Maharashtra is home to various dishes, but the street-side vada pav tends to steal the limelight. The next time you visit this western state, cater to your inner foodie and explore the land beyond the vada pav. By Bayar Jain

There’s a lot to love about Maharashtrian cuisine. Known for its mix of mildly spicy and sweet yet tangy punch, the food of this region brings a flavour profile very different from the rest of the country. Yet, it celebrates a familiarity that is sure to entice foodies of various taste preferences. Considering the state is home to many regions like Kolhapur, the Konkan belt, Vidarbha, and more, the confluence of different flavours comes naturally. While the Kolhapur region celebrates spicy red and white meat curries, the Konkan belt is all about the fish. Malvani cuisine, another one of the foods available in this western state, chooses to use coconut in all its forms, with an added surprise of kokum to the mix. However, despite these variations, the vada pav often emerges synonymous to Maharashtra.

Although the deep-fried potato snack deserves its share of attention, consider looking at these foods from the state too:

1. Zunka bhakar 

 

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Zunka bhakar (or Jhunka) is often considered a poor man’s food owing to the minimalistic ingredients it uses, but continues to jam nutrients into your body. Zunka bhakar is traditionally made using chickpea-paste (besan) with onions, curry leaves, and a range of spices to complete the dish. The porridge-like aromatic dish is accompanied with bajra or jowar rotis, transporting you to the rustic charms of the state. Echoing the village’s simple lifestyles, this dish is designed to pack your body with enough energy to sustain the wrath of the summer sun.

Where to eat: If you’re in Nagpur, ditch the high-end restaurants and head to small eateries to taste a traditional zunka bhakar. The Zunka Bhakar Kendra at Azamshah Layout is a good place to start, where the baajra variation costs INR 12.

2. Thalipeeth

 

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The savoury-flatbread is all about celebrating the various lentils that thrive in the region, seamlessly coming together to burst truckloads of flavour in your mouth. Although many variations of thalipeeth exist, the traditional version uses bhajanee – a flour consisting of roasted grains, legumes and spices. Commonly eaten for breakfast with curd and a dollop of ghee, butter or garlic chutney, this humble dish dons a new avatar during fasting days. Then, the bhajanee is replaced with tapioca pearls (sabudana) or amaranth.

Where to eat: Pune is known for its Maharashtrian restaurants, and heading here for thalipeeth would be a great idea too. While many places serve this delicacy, go to Mathura Pure Veg in JM Road for a traditional affair. Here, the savoury dish is sold for INR 120.

3. Puran poli 

 

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To westerners, this dish could best be explained as India’s ode to the sweet pancake. However, the flavours of a puran poli are intrinsically desi. Stuffed with lots of chana dal and jaggery, this flatbread is ordinarily made during festivals like Diwali and Ganesh Chaturthi. However, due to its fan-following, the parcels of sugar are increasingly available all year round.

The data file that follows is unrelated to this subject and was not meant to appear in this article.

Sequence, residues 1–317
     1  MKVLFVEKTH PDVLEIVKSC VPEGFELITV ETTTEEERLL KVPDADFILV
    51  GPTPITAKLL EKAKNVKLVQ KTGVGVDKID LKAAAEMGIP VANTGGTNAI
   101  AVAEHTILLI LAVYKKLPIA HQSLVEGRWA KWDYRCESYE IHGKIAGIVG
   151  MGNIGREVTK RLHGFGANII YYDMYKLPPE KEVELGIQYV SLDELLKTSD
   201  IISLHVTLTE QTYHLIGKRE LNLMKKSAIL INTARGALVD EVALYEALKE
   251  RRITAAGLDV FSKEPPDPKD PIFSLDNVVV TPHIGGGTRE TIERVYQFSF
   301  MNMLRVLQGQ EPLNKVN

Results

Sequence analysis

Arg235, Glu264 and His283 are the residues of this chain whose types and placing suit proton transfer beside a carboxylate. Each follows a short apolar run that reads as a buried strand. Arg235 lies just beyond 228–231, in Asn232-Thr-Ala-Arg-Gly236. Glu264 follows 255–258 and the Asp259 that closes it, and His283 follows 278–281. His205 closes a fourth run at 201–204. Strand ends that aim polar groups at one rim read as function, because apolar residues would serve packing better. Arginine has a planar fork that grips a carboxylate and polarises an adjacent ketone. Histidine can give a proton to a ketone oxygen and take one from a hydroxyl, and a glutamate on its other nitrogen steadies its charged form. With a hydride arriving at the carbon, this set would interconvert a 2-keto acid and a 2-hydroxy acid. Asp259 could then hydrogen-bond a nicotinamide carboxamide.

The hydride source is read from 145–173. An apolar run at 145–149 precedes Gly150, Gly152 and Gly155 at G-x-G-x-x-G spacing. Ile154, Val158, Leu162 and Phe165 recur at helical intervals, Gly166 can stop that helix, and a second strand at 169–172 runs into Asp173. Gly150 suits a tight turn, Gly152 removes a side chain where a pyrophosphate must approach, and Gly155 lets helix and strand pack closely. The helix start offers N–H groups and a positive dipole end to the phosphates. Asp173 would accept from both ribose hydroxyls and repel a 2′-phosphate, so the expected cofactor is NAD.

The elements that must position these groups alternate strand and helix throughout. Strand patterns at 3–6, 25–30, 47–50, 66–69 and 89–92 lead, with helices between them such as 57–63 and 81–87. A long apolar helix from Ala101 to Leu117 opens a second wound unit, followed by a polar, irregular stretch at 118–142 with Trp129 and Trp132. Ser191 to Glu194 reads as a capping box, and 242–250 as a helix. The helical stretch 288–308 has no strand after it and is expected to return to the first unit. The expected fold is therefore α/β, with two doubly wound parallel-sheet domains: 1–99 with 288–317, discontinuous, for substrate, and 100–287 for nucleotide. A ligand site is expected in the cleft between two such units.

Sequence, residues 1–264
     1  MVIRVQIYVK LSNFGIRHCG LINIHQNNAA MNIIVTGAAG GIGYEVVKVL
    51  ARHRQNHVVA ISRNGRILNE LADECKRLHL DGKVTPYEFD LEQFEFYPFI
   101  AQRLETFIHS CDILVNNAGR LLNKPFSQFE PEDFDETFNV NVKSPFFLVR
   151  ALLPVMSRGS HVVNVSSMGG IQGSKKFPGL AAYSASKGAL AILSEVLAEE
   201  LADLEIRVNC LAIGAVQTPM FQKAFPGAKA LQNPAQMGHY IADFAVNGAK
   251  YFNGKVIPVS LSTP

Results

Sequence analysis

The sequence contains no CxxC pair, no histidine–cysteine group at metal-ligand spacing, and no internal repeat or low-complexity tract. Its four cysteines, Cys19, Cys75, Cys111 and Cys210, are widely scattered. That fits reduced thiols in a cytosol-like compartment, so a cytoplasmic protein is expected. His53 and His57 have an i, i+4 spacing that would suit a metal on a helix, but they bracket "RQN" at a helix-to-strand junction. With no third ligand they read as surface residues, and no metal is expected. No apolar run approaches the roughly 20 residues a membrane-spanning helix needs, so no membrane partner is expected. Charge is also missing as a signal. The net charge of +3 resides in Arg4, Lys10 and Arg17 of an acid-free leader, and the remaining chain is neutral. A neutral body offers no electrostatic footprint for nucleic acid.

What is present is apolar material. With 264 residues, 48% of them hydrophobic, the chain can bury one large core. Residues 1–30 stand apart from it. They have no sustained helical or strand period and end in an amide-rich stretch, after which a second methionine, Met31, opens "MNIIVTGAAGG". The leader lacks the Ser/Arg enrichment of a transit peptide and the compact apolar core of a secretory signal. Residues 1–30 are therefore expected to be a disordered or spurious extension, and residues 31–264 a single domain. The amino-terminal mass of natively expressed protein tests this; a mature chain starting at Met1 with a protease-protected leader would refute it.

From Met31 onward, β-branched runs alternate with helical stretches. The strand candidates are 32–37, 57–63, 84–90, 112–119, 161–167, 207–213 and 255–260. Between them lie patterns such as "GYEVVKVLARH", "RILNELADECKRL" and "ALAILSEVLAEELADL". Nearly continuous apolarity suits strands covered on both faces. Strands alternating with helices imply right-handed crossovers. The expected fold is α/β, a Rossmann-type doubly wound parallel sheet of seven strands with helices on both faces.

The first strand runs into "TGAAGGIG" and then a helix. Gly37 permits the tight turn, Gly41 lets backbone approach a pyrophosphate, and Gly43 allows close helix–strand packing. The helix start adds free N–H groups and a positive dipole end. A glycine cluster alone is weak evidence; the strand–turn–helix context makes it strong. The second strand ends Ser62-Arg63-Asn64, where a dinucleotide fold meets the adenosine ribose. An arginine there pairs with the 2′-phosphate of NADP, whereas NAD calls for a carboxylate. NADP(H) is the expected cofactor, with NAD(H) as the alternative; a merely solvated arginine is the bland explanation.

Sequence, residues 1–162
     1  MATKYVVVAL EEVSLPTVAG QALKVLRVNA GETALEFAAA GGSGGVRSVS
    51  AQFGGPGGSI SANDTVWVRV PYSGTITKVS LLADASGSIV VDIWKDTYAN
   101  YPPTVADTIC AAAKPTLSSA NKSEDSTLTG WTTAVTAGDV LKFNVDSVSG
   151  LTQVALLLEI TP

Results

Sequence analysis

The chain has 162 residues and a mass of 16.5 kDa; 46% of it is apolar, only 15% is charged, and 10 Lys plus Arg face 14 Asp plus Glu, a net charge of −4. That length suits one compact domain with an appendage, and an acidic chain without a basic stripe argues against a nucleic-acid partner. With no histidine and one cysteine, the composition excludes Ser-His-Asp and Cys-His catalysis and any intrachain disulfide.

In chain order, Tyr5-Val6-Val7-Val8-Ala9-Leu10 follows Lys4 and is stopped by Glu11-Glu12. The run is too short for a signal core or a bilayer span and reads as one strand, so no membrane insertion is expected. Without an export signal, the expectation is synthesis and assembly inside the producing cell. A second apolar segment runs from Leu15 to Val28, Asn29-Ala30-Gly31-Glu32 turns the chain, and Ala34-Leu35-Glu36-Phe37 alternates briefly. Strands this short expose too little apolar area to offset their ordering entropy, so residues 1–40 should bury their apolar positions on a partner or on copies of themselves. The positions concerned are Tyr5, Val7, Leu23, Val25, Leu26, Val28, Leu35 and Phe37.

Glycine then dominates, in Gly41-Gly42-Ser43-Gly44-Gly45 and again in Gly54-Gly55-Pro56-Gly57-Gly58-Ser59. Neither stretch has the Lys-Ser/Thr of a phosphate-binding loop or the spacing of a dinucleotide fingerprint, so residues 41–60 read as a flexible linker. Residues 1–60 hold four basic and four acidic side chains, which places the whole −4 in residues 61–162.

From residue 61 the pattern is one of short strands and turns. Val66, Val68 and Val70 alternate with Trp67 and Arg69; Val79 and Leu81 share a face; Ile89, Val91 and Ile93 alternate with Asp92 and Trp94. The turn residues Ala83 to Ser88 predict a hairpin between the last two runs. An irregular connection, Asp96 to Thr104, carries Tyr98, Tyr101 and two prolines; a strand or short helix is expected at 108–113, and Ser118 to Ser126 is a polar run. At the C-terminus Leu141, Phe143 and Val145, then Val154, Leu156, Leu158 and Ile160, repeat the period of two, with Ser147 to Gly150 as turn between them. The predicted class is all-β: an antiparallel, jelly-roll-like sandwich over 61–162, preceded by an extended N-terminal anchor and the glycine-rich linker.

Where to eat: Although the best version of this sweet dish is at a traditional Maharashtrian home, if you happen to be in Nashik, then the Modern Cafe in College Road is just as good too. Specialising in Maharashtrian cuisine, the restaurant serves puran poli for INR 30.

4. Gavhale kheer

 

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Another sweet dish reserved for special occasions, gavhale kheer requires time, patience, and skills to make. The process of making the dish involves delicately rolling out gavhale – literally translating to hand-rolled pasta, and cooking in milk over a low flame. Traditionally, this time-consuming dish would be served as an offering to local deities.

Where to eat: Being a highly auspicious and ancient recipe, gavhale kheer is rarely found in restaurants anywhere, even within Maharashtra itself. Your best bet to have this dish – apart from a Maharashtrian’s home – is to eat it as a part of a thali at That Baat, Nirali Bazar, Aurangabad.

5. Anarsa

 

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Jaggery finds a way to weave into Maharashtra’s anarsa as well – a pastry-like sweet delicacy found in the region. Although a variation of this is available in Bihar as well, the ones in the western state are relatively flatter. To create this long-lasting sugary delight, jaggery, rice, and poppy seeds are used, and deep-fried together in ghee.

Where to eat: Being a dish reserved for Diwali, this sweet treat is not easily available in restaurants or shops. Wait for the festivals to kick in, and head to any local sweet shop to taste it. Alternatively, you can order it online here where it costs INR 285 for 400 grams.

6. Kothimbir Vadi

 

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Straying away from the sweet flavours, kothimbir vadi is coriander fritters to put it in the simplest terms. Although it is often served as accompaniment to the main course, it can also be eaten as a snack with ketchup, chutney or plain. To make this simple yet flavourful dish, coriander leaves are chopped finely and mixed with chickpea flour. Post this, it could either be steamed, deep-fried or even stir-fried – depending upon personal tastes.

Where to eat: Now available throughout the country, kothimbir vadi in Pune should be on your list. Head to J1 in Shivaji Nagar to bite into its deliciousness for just INR 145.

Related: Foodies Take Note: Here’s The Ultimate Guide To Eat Your Way Through India